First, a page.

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A Brief History of Newburyby Crista Sanderson, Feb 2019
The land where Newbury is today has been discovered to have been inhabited during the Mesolithic period in the stone age, between 9600 bc and 4000 bc.
However, in its current form, Newbury was founded during the Norman Conquest in the 11th century, as a new borough (hence the name).
Its economy was primarily dependent upon the cloth trade and one of the most famous cloth merchants of the time was Jack of Newbury. In the 16th century, he was the proprietor of what was potentially the first factory in the UK and the tale of the Newbury coat: He was challenged to create a gentlemen suit by the end of the working day from wool taken directly from a sheep at the beginning. This event was immortalised in a novel by the Elizabethan writer Thomas Deloney.
Newbury was the site of two battles during the English Civil War, appropriately named the First and Second Battle of Newbury respectively. The civil war caused a disruption to trade in the town and left Newbury and its citizens very impoverished. However, the rise of bath as a popular tourist destination for wealthy individuals from London saw the economy of Newbury boosted, as it lay about halfway between the two destinations and became an obvious stopping point. This lead to the development of coach stops and especially inns. One of the most reputable was the ‘George & Pelican’, which could stable up to 300 horses.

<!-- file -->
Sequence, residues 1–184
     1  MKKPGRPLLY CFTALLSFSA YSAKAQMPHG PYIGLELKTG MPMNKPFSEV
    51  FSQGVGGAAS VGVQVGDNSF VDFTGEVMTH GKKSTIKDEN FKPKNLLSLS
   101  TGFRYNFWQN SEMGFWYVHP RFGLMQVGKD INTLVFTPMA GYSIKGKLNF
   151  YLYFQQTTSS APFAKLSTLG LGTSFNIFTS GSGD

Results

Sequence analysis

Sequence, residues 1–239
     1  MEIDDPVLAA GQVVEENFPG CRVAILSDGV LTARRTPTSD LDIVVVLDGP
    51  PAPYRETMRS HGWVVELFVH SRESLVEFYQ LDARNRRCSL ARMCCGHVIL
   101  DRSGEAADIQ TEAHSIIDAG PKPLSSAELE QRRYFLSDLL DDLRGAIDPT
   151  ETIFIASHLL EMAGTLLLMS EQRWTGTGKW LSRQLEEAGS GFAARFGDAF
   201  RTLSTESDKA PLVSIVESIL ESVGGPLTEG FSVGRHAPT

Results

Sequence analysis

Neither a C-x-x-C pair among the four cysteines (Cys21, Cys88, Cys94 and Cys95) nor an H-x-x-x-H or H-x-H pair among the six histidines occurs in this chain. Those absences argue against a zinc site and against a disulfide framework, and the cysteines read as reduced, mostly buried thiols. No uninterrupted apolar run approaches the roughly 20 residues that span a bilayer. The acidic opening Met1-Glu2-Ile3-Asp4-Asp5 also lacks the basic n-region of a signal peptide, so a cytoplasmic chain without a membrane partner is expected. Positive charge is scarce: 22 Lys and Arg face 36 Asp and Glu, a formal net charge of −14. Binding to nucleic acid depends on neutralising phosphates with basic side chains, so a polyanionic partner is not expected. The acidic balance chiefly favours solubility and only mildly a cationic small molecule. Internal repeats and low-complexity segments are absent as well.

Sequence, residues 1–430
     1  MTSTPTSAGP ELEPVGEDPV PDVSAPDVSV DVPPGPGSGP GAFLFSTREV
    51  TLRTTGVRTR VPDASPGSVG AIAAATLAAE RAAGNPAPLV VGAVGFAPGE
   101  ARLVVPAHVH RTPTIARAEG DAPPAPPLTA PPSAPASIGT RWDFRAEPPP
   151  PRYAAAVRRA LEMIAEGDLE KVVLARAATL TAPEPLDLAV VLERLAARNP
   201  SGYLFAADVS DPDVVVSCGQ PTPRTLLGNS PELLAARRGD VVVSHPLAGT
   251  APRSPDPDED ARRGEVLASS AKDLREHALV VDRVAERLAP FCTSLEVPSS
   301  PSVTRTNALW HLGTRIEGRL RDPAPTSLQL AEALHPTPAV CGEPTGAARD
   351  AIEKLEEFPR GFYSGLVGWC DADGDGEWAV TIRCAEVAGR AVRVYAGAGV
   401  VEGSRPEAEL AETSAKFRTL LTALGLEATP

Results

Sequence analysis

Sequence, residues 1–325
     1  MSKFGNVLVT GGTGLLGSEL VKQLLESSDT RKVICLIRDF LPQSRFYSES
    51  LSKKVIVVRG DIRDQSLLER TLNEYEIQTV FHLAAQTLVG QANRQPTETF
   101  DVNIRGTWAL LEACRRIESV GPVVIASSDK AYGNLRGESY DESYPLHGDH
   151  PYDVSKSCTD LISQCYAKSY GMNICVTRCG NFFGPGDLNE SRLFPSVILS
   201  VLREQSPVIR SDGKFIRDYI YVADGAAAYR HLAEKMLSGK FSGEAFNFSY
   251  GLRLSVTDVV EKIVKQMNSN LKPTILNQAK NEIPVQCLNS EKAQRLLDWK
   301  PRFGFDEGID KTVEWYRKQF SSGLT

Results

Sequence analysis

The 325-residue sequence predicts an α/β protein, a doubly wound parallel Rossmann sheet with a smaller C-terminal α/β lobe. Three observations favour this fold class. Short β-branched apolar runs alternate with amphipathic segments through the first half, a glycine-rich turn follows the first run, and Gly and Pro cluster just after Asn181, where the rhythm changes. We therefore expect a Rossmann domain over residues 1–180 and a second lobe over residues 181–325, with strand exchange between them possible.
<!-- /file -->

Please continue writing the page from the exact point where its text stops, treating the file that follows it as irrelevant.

Unfortunately, the Great Western Railway effectively slaughtered the coaching industry and Newbury became a backwater market town, with a primarily agrarian based economy.
Newbury couldn’t catch a break in the proceeding world wars. In 1943, a German bomber followed the Great Western Railway line all the way to Newbury and dropped eight high-explosive bombs over the town. There wasn’t enough time to sound the warning alarm and 15 people lost their lives in the raid, with a further 41 people injured.
During the 1980’s, Newbury’s luck began to turn. A British electronics firm called Racal decided to locate their new telecommunications company to Newbury. This company would go onto become what we know today as Vodafone UK.
This has led to Newbury being seen as something of a regional tech centre and have since enjoyed general economic prosperity.
Newbury is something of a dark horse; its rich history and the turmoil it has previously endured have helped shape it into the prosperous and resilient town that it is today!